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    See Rick, I LOVE the old FN's. I started shooting the .22 variants as a 13yr old cadet, so by the time I got to the real thing, they were a breeze. I actually HATED the c7 when I first fired it. Too plasticy and "cheap" sounding. Of course that changed when I had to carry it on a 20km forced march.

    Later I grew to appreciate the superiority of the c7 as a service rifle, particularly it's versatility and reliability, but I still like the ability of the old .308 to reach out and touch someone at 600 yards.

    If I had the choice of what to carry today in the varied terrain of Iraq or Afghanistan, I would love something like an HK 417. The weight, reliability, and action of a modern assault rifle, with the punch of .308.
    Never argue with an Idiot. They drag you down to their level, and then beat you with experience!

    IACOJ

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    Later I grew to appreciate the superiority of the c7 as a service rifle, particularly it's versatility and reliability, but I still like the ability of the old .308 to reach out and touch someone at 600 yards.
    Ya see, thats the delema I that I have. While I could not shoot that weapon (probably) to save my life, I also knew beyond all doubt that ANYTHING I hit with it was going down and gonna STAY down. But I found like you, on a forced march, with a full combat load, the C7 is much easier to pack around than a full load with the C1.
    ====

    For those who are not familiar with the FNC1A1:

    The Rifle, 7.62mm, FN, C1A1, is designed primarily as a personal weapon for the Canadian Forces. The C1A1 is a semi-automatic weapon which enables the operator to fire single shots at varying rates. The rifle can be fitted with a telescopic sight for sniping and long range fighting, and a bayonet for close combat.

    The Rifle, 7.62mm, FN, C1A1D, is equipped with a selector switch which enables the user to fire single shots or automatic bursts. It is in service aboard Canadian Forces ships.

    The Rifle, 7.62mm, FN, C1A1, and C1A1D, are air cooled, gas and spring operated weapons. Both feed from a magazine, have an adjustable gas regulator, and fire from a positive locked breech.

    The main components of the weapon can be disassembled and assembled by the user for cleaning purposes.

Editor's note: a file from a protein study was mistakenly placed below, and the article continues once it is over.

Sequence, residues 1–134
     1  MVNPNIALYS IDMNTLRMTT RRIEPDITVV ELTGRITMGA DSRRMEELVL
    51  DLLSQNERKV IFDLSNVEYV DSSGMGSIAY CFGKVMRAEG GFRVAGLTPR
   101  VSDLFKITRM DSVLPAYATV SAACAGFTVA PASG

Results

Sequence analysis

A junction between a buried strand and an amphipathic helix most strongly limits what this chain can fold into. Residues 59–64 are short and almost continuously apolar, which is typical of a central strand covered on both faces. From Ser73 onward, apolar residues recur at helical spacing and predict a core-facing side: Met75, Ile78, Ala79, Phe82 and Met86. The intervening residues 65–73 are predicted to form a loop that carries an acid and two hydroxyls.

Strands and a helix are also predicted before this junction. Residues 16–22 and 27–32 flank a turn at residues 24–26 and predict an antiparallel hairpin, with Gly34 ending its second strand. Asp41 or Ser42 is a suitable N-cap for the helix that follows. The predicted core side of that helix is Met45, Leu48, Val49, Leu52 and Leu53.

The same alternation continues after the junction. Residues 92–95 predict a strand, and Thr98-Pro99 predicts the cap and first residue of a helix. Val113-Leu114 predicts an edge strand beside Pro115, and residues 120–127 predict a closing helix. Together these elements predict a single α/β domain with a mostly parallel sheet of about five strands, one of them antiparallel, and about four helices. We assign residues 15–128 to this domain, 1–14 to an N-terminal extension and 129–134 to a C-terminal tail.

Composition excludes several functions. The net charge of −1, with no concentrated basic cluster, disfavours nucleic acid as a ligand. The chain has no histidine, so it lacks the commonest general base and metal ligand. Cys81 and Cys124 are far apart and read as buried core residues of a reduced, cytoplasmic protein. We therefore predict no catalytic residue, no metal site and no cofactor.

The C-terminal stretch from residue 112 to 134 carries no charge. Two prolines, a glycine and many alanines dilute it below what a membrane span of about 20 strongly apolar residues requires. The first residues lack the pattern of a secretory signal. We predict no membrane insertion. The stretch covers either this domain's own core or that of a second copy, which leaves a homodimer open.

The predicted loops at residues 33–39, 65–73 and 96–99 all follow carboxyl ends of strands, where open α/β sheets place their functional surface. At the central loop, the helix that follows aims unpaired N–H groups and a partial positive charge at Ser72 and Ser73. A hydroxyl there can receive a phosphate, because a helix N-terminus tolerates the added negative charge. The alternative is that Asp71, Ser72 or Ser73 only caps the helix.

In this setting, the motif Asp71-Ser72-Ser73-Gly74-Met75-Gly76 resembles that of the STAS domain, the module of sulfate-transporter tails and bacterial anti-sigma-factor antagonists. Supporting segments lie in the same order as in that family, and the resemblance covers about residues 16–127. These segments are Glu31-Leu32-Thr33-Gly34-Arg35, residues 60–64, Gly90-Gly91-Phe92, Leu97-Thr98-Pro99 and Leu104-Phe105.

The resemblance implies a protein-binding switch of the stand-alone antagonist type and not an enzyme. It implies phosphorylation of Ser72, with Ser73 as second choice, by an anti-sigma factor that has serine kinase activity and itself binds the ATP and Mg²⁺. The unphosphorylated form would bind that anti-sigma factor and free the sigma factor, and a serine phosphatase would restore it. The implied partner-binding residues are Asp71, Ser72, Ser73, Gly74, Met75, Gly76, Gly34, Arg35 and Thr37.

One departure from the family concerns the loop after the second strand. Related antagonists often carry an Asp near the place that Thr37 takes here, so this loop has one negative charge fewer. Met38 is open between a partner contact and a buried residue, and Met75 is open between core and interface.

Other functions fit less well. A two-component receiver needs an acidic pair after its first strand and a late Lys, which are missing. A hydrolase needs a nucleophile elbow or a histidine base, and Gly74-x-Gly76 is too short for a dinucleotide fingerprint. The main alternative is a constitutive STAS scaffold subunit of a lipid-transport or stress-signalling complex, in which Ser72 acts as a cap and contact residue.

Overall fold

IDENTIFICATION

    Manufacturer: Canadian Arsenals Limited

    Models: C1A1 and C1A1D

    TECHNICAL SPECIFICATIONS

    PHYSICAL DATA

    Weight: Normal butt, empty magazine 9 lb. 6 oz. Normal butt, full 20 rd magazine 10 lb. 15 oz. Length Normal butt 44.75 in

    ANCILLARY ITEMS

    Bayonet, Adapter, magazine charger, Telescope, sniper, C1, Mount, Telescope, C2, Attachment, blank firing apparatus

    OPERATING DATA

    System of operation: Spring and gas operated, magazine fed. GOD How we used to recite that in our sleep! LOL

    Safety feature: Mechanically locked dropped breech block.

    Muzzle velocity 2750 ± 40 fps.

    BARREL DATA: Length 21 in. Calibre 7.62 mm

    RIFLING PARTICULARS: Number of grooves 6 Pitch 1 turn in 12 in. Direction of twist right hand

    BUTT LENGTHS: Extra long butt 11.5 in. Long butt 11 in. Normal butt 10.25 in. Short butt
    9.75 in.

    AMMUNITION DATA

    Type 7.62 mm NATO STANDARD Size 7.62 mm

    Magazine capacity 20 rounds

    SIGHTING DATA

    Rear sight aperture Front sight blade Sight radius 21 in.

    RANGE OF ADJUSTMENT

    Ranging Rear sight is graduated from 200 to 600 yards in increments of 100 yards.

    Zeroing - Rear sight One revolution of the zeroing screws provides 5 minutes of angular or 9.52 inches latéral movement of the MPI at 200 yards.

    Zeroing - Front sight One revolution of the front sight blade provides 4 minutes of angular or 8.57 inches vertical movement of the MPI at 200 yards.
    =====
    C7 Carbine

    The 5.56 mm C7TM Rifle has a full length barrel for infantry and other arms requiring longer range capabilities. The C7TM meets all applicable military standards including: reliability in all environmental and operational conditions, accuracy, lethality, maintainability in field conditions and safety. The C7TM is the result of four generations of improvements to the most tested and battle proven rifle in the world.

    • Direct Gas System. The unique direct gas system eliminates the operating rod and keeps all of the firing forces in line with the bore for maximum accuracy and reliability.

    • Hammer Forged Barrel. The long-life chrome lined cold hammer forged barrel is the most advanced and durable barrel available. The integrally forged chamber ensures consistency and accuracy over the life of the barrel.

    • Flat Top. The upper receiver can be manufactured in the original Canadian Forces specification Weaver rail, or with a MIL-STD-1913 Picatinny rail.

    • Simplicity. The proven design ensures ease of operation and the ultimate in maintainability. The weapon is easy to operate and can be field stripped in seconds with no tools.